Budget debate starts; Ricketts opposes felon voting bill

Sen. John Stinner discusses the budget Tuesday (Photo by Fred Knapp, NET News)
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April 25, 2017 - 5:55pm

Debate over the state budget got off to a fitful start Tuesday.


Before they got to the budget, senators discussed a proposal that included suspending a personal property tax credit program that exempts from taxation $10,000 worth of equipment for small businesses and agriculture. That would save about $30 million a year. But it ran into resistance from lawmakers like Sen. Tom Briese. “The intent of the personal property tax relief act of 2015 was to provide property tax relief to small businesses and agriculture. And it is providing property tax relief -- not a lot, but some. And I’m willing to take that away from these folks,” Briese said.

After several senators spoke against the proposal, Speaker Jim Scheer removed it from the agenda.

Tuesday afternoon, debate began on the main budget bill. The two year plan calls for spending just under $9 billion, with growth averaging 1 percent a year.  Sen. John Stinner, chairman of the Appropriations Committee, said the proposal reflects the state’s priorities. “This is the approach. This is the budget. We actually took a look at each one of these big areas we talked about. Education: prioritized K-12. We prioritized the property tax relief fund. We prioritized prison overcrowding with Justice Reinvestment and Corrections. We also prioritized provider rates. And we definitely have funded another utilization, another increase in Medicaid,” Stinner said.

Speaker Scheer tried to set some ground rules for the debate, telling senators that if they want to add to the budget, they should indicate where the money would come from. “It’s real easy to say ‘I want to put $10 million back into this or I want to put $100,000 back into that. The question is where does the $100,000 come from? We have a balanced budget in front of us. It’s not Appropriations’ problem what we do with it now. It’s our problem,” he said.

Sen. Ernie Chambers objected to that idea. “To suggest that a person should not offer an amendment to the budget committee bill unless he or she can tell where to get money or where money is going from/to is preposterous. He first started by talking about the hard work that the budget committee did. Then said ‘When we finally get that bill out here, then on the fly you’re going to have to come up with things that it took the Appropriations Committee all this time to arrive at,’ so in effect ‘Don’t debate the budget bill, let it go as it is,’” Chambers said.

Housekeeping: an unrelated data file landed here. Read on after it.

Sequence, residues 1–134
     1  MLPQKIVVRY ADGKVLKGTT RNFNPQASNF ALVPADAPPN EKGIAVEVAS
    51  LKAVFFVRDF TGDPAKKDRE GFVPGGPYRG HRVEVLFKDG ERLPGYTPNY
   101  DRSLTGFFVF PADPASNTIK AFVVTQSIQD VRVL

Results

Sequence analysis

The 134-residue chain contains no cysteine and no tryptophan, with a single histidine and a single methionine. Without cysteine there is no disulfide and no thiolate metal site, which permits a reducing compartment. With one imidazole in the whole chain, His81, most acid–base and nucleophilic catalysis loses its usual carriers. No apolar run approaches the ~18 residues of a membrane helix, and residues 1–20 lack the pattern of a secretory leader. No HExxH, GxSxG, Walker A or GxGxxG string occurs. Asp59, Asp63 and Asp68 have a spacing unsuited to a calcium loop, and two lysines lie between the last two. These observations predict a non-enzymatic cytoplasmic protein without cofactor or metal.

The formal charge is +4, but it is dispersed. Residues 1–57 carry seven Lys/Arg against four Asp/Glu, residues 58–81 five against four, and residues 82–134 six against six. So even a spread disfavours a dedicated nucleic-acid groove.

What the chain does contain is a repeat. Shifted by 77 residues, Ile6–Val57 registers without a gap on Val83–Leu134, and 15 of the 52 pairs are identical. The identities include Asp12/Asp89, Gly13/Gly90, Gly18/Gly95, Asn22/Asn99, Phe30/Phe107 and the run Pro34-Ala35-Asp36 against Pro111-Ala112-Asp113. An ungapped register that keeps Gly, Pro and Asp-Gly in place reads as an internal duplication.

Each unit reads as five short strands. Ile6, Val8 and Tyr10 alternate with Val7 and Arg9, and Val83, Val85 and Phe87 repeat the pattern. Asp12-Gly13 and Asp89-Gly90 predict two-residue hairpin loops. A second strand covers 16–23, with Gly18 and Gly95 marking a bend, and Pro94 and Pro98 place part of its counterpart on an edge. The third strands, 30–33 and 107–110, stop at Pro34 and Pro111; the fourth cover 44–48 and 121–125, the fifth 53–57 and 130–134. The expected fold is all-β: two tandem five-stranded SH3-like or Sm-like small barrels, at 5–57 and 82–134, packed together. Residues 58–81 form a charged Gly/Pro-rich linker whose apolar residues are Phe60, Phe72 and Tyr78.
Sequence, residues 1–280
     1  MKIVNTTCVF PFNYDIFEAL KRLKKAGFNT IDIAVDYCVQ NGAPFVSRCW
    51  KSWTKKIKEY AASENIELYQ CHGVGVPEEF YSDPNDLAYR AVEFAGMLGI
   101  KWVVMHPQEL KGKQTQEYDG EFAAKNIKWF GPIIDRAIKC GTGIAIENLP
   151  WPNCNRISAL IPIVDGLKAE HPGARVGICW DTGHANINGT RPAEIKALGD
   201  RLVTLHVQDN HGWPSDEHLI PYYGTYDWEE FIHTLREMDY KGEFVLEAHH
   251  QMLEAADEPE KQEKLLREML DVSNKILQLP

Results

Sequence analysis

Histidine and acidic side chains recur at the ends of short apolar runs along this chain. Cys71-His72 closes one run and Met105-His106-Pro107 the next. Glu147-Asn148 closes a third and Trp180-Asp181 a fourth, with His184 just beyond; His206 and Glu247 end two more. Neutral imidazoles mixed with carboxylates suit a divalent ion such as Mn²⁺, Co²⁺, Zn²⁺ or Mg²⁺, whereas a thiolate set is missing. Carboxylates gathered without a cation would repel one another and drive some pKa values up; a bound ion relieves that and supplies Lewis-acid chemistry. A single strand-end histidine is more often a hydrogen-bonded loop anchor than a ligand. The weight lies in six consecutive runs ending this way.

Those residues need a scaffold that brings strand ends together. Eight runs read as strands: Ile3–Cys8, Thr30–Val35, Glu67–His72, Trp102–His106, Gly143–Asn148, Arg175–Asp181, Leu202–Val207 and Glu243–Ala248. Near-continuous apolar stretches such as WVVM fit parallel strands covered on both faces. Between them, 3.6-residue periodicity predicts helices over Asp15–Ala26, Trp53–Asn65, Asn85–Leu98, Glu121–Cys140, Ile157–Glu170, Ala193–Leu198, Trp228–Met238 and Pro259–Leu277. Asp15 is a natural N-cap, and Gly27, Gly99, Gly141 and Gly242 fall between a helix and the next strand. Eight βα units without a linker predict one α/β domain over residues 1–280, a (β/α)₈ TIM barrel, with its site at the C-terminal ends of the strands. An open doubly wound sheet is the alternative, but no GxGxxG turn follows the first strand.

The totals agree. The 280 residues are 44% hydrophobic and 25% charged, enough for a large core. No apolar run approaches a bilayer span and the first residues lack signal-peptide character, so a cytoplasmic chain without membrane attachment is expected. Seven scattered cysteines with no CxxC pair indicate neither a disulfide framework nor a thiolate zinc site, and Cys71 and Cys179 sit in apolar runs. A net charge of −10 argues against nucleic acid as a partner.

Debate then began on proposed amendments. Sen. Curt Friesen, chairman of the Transportation and Telecommunications Committee, objected to the proposal to divert $30 million from the gas tax that had been earmarked for roads to the general fund instead. “When you looked at where our recent survey of roads and bridges in the state – especially bridges, county bridges and state bridges -- we were deficit and we sorely needed some funding. We had long neglected the expressway system. We had stopped funding any new construction and were just typically trying to do maintenance. So I cannot support the concept of using any motor fuels revenue being used for non-roads- related purposes,” Friesen said.

Friesen said the money to restore roads funding could come from a fund used to fund health care projects, or elsewhere. Stinner opposed restoring the funding, saying that even with the diversion, roads would still get more money over the next two years than currently. 

Senators adjourned for the day without reaching a vote on roads funding.

Also Tuesday, Gov. Pete Ricketts came out against a bill passed by the Legislature Monday, which would restore voting rights to felons as soon as they finish their sentences, instead of making them wait two years. “Frankly I think waiting two years to demonstrate that you are going to be productive member of society and that you can keep your nose clean is not too much to ask of people who have been felons. We have a law that I think is very reasonable in this state that if you’re a felon, you have to wait two years before you can vote, and that’s the way it ought to stay,” Ricketts said.

Sen. Justin Wayne, sponsor of the felon voting bill, said he would attempt an override if Ricketts vetoes the bill. Wayne said people before him had died getting the right to vote, and the least he could do was to fight for it.

 

 

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